How to Count Quarter Notes (Crotchets)

What is a quarter note? Also known as crotchets, one quarter note gets one beat of time. To count quarter notes, we use whole numbers – 1, 2, 3, etc. Quarter-note rhythm patterns are often thought to be “easy rhythms”.

Important: it does not matter if the note stem points up or down. Note stem direction does not affect anything. It just looks more organized on the page one way vs. the other.

How to count quarter notes

How to Count Eighth Notes (8ths or Quavers)

What is an eighth note? Also known as quavers, an eighth note gets one-half beat of time. Eighth notes are represented by a black dot (notehead) with a stem and a flag.

We can join two eighth notes together by connecting the flags so that they become “beams” across the notes. It’s very common to find paired eighth notes like this, as shown below.

Here’s how to count rhythms using eighth notes. To count quarter notes, we use whole numbers for the notes that fall on the beat (1, 2, 3, etc.), and “and (&)” for the notes that fall between the beats. So the full count sounds like, “one-and two-and three-and” etc.


count 8th notes
How to count eighth notes

How to Count Sixteenth Note Rhythms (16ths or Semiquavers)

What is a sixteenth note? Also known as semiquavers, sixteenth notes get a quarter of one beat. Four sixteenth notes add up to one quarter note. They are written like eighth notes, but with two flags or beams. To count 16ths, the first note of the beat gets the number, as in the quarter note. The third sixteenth is the eighth note, from above, and is called “and”. The 2nd sixteenth we call “e”, pronounced “ee.” And the fourth sixteenth we call “a”, pronounced “uh.”

So in total, we clap and count sixteenth note rhythms: 1 e & a 2 e & a etc. (Pronounced 1 ee and uh etc.)

count 16th notes
How to count 16th notes

How to Count Thirty-Second Notes (32nds or Demisemiquavers)

To count 32nd notes, we add the syllable “d”, pronounced “duh” between each sixteenth note.

count 32nd notes
How to count 32nd notes

What Happened to Whole Notes and Half Notes?

Whole notes (also known as semibreves) and half notes (minims) have longer durations than quarter notes, so if we have a measure with four beats in it, both whole notes and half notes are longer than the duration of a single beat.

We can count them in the same way nevertheless. We count to four on a whole note, and two on a half note. They tend to be easier to count than notes with smaller values.

Click here for a full explanation of note durations.

How to Count Triplets

How to count triplets

Click here for a full exploration of triplet rhythms.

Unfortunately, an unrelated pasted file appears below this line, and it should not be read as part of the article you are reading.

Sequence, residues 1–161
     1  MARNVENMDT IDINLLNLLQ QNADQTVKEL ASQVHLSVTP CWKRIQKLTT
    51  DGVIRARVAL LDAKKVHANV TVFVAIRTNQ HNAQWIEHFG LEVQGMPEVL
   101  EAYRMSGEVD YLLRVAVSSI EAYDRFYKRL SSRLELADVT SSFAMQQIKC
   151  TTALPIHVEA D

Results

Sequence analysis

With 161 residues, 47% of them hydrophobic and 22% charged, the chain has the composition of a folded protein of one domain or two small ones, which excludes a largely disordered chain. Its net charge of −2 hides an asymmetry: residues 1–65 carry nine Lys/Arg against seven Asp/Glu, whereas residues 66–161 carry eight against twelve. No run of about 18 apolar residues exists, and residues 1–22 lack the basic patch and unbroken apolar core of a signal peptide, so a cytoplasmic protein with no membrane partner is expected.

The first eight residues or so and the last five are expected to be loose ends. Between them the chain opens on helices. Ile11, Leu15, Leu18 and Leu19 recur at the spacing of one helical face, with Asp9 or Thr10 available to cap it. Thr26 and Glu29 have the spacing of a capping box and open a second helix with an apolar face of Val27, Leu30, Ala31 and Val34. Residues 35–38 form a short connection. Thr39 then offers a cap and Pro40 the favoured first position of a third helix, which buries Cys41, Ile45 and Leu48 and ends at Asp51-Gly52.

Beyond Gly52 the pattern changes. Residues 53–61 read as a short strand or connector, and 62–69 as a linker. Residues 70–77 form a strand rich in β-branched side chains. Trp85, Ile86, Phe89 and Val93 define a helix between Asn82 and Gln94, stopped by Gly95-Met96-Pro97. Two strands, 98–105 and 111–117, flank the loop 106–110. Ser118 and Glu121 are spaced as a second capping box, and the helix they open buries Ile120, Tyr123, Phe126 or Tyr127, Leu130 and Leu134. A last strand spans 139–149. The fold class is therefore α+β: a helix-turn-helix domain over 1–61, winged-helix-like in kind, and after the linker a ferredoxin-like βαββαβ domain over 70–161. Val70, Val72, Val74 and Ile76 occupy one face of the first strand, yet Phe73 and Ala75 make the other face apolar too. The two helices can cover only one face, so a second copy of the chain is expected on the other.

How to Count in 6/8 Time Signature

Even when we come across what looks like more complex time signatures, we can still use a similar counting rhythm trick.

(Time signatures with 6, 9 or 12 at the top are called “compound meters”.)

6/8 time signature
How to count in 6/8 time signature

How to Clap and Count Rhythms in Music – Subdivide and Conquer

In a piece of music, we often have more than one note value. We may have quarter notes, half notes and eighth notes, all in the same measure. We may even have stacked rhythms, where there is more than one rhythm happening at the same time.

When we have more than one note value in the measure, we count the smallest. And we count the smallest note value throughout.

clap rhythm beat

Count the smallest note value throughout (here, eighths)

When we count aloud a smaller note value than we clap, it’s called “subdividing”. Subdividing helps us play more accurate rhythms. It helps ensure we don’t alter the overall speed of the piece. And this is especially helpful during long notes.

See the first video above at 7’25? for an explanation and example of subdividing.

To aid memory and learning, we can recall the beats on which the rhythm falls:

memorize rhythm
Recalling the beats with notes helps us memorize music.

Go Slow, Use a Metronome, and Stay With It

Clapping and counting gets easier with time and practice. And the reward is well worth the work.

Use a metronome to keep in steady time. This skill, combined with clapping and counting aloud, will boost musicianship.

As with near anything new, clapping and counting may be awkward at first. This is normal. Just keep going! As you practice reading rhythms, it will feel as natural as reading aloud in your native language.

Good luck!

Allen Mathews

Hi, I’m Allen Mathews. 

I started as a folk guitarist, then fell in love with classical guitar in my 20’s. Despite a lot of practice and schooling, I still couldn’t get my music to flow well. I struggled with excess tension. My music sounded forced. And my hands and body were often sore. I got frustrated, and couldn’t see the way forward. Then, over the next decade, I studied with two other stellar teachers – one focused on the technical movements, and one on the musical (he was a concert pianist). In time, I came to discover a new set of formulas and movements. These brought new life and vitality to my practice. Now I help guitarists find more comfort and flow in their music, so they play more beautifully.
Click here for a sample formula.